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Why I'm swimming the length of the Rhine

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PHOTOPRESS/Schweiz Tourismus/Andrea Badrutt
16:33 CEST+02:00

Swiss extreme athlete Ernst Bromeis explains to Meritxell Mir what’s motivating him to become the first ever person to swim the entire 1,230-kilometres of the Rhine, from its source in the Swiss Alps to the North Sea.

It was 7am on Wednesday May 2nd when Ernst Bromeis waded into the frozen waters of Toma Lake, where the Rhine’s source lies at an altitude of 2,344 metres. Unable to swim in a surface covered with a 40-centimetre layer of ice, the endurance athlete plunged into a small pool carved in the ice for the occasion.

After this symbolic act to mark the beginning of his aquatic adventure, the 43-year-old “water activist,” as he likes to define himself, skied down to the village of Disentis, in canton Graubünden. There he began the real swim – one that will take him downstream to the six countries that straddle the Rhine as he seeks to swim the entire length of the river in just one month.

“I’m nervous,” the experienced swimmer told The Local the day before he started his journey.

‘The Blue Wonder – Rhine 2012’ is a joint project between Bromeis and Switzerland Tourism to promote the Alpine land as “a country of water” and a sustainable destination.

To characterize Bromeis’s adventure as daring would be to downplay this gruelling task. The Swiss activist will swim an average of 50 kilometres per day, a distance that will take him between five and six hours depending on the current, the mountainous nature of the terrain, and weather conditions. On the stretch between the source and Lake Constance, he’ll contend with water temperatures of between four and six degrees Celsius. Further down, as the Rhine approaches Rotterdam, it rises to 12 degrees at this time of year.

But biting temperatures won’t be his only hurdle.

The nature of the Rhine changes a lot during its course. In the first stretch, where the river crosses a dramatic canyon 20 kilometres long, he will have to be careful not to bump into the rocks and logs that dot the rapids as well as avoid multiple swirls. At Lake Constance, where there is no current, he will have to swim about 12 kilometres. For anyone wondering how he will overcome the Rhine Falls, Europe’s largest waterfall, there is no great mystery: he will briefly hop ashore before resuming his adventure at the bottom.

“I really want to make it to Rotterdam, and not die on the way,” he said.

Once in Basel, the water travels at a speed of 10 to 15 kilometres per hour, although he claims he won’t be carrying one of the floatation devices that are so popular during the summer there.

“I’m a real swimmer,” he said laughing.

Although escorted along the way by a small boat with a rescue team, Bromeis is concerned about swimming near the port of Rotterdam.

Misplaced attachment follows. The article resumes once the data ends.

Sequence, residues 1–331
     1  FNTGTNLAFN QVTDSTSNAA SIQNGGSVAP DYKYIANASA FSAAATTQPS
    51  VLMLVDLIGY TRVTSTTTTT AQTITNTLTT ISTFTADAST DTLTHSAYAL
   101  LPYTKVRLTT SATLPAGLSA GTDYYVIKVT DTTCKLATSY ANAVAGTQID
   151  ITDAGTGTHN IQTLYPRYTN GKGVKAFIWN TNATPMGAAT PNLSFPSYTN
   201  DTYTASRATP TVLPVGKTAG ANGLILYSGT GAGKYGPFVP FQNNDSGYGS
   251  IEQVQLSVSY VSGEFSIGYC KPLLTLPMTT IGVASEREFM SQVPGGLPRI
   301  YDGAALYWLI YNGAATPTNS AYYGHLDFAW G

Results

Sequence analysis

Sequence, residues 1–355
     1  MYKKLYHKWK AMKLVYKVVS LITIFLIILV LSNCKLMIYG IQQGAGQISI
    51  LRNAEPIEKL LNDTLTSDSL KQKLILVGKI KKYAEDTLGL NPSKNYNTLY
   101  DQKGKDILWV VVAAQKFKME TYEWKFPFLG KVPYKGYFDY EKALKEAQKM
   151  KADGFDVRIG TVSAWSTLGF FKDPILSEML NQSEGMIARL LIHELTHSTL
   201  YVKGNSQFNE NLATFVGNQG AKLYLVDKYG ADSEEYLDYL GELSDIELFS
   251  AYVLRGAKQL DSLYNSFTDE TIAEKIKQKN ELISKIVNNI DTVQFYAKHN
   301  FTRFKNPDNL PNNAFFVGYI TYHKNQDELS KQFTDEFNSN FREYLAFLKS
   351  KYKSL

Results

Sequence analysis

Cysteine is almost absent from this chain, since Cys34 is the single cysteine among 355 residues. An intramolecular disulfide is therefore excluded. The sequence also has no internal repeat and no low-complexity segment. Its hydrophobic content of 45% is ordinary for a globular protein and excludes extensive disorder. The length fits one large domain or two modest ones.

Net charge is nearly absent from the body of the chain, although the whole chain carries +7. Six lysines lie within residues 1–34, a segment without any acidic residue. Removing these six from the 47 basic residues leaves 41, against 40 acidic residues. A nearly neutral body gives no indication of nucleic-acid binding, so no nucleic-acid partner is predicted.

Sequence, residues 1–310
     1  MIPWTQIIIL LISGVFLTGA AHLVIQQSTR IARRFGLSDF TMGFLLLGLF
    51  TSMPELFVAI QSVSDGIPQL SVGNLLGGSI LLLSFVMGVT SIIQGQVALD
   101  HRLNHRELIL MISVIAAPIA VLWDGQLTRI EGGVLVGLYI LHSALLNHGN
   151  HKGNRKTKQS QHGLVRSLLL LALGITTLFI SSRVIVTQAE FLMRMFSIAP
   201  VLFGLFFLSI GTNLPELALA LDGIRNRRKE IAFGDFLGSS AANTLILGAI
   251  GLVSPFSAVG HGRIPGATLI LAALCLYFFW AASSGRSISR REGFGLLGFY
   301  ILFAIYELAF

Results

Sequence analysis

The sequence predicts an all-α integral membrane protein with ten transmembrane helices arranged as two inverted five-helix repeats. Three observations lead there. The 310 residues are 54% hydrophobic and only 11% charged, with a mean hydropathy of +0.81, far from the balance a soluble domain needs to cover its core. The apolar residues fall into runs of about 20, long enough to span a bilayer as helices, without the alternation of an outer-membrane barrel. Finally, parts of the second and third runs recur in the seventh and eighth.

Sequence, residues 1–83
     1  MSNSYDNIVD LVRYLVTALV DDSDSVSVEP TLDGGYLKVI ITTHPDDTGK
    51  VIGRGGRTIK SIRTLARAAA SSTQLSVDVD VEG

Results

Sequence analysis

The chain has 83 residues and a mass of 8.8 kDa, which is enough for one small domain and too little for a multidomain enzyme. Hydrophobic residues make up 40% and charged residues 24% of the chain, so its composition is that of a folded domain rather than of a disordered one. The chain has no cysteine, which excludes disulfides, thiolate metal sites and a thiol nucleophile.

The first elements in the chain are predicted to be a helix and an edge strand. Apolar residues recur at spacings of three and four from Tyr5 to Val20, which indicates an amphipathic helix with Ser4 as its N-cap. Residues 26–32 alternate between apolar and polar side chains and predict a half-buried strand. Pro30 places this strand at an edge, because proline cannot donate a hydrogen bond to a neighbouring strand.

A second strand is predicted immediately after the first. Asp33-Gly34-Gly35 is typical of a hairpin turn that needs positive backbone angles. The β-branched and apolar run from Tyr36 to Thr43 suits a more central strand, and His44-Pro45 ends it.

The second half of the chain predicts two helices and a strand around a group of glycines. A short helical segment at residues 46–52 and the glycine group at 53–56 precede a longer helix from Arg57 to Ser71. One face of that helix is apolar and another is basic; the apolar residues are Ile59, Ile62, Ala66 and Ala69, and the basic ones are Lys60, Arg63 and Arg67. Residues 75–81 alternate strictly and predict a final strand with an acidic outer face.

“The ships there are so big and I am so small,” he explained.

But the Swiss swimmer is no rookie when it comes to endurance swimming.

A former teacher and Olympic triathlon trainer, Bromeis has been a full-time water activist for the past four years through his project, The Blue Wonder, which he hopes will help raise awareness about water-scarcity issues.

In 2008, Bromeis crossed the 200 lakes of his home canton Graubünden, most of them in glacial temperatures. Two years later, he challenged himself again to swim across the largest lake in each of the 26 cantons, covering a total of 300 kilometres.

“My motivation comes from deep inside,” he said, adding that he feels “great passion” for environmental issues.

“Water means life in the whole world,” he said. “We, in Switzerland, are so privileged to have such a wonderful resource, but we have to be careful because the Rhine is also very fragile and its water is limited.”

So when Switzerland Tourism decided two years ago that the focus for its 2012 summer campaign would be promoting the Alpine land as a “country of water,” they realized there could be no better “water ambassador” than Bromeis, says Rafael Enzler, head of marketing at the organization.

His travels through six countries also offer an excellent opportunity for the tourism board to sell the blue wonders of a country often seen solely as a mountain destination, a circumstance Bromeis describes as “a paradox.”

According to the Swiss Federal Office of the Environment, about 6 percent of the fresh water resources in Europe originate in the Swiss Alps. With 7,000 lakes, 65,300 kilometres of rivers and streams, and 122 glaciers, Switzerland is as blue as it is green.

“There are 50 million people living along the Rhine in Europe, but a lot of them don’t even know where it starts,” said Enzler. “The river is not so nice everywhere it passes, so many people cannot imagine how beautiful it is at the source.”

But Bromeis, with his adventure, is hoping to change all that.

Follow Ernst Bromeis's progress on the Blue Wonder blog.

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